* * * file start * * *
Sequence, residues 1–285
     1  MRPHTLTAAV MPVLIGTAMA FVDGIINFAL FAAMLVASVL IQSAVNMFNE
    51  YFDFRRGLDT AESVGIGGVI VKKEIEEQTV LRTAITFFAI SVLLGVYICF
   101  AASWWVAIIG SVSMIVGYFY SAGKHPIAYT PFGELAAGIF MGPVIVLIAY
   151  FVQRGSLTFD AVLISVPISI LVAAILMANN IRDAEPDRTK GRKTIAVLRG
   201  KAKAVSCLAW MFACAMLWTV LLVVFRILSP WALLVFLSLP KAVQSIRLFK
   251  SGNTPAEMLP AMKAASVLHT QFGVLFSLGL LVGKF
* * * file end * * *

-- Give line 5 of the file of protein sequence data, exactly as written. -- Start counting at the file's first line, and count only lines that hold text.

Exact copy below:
   151  FVQRGSLTFD AVLISVPISI LVAAILMANN IRDAEPDRTK GRKTIAVLRG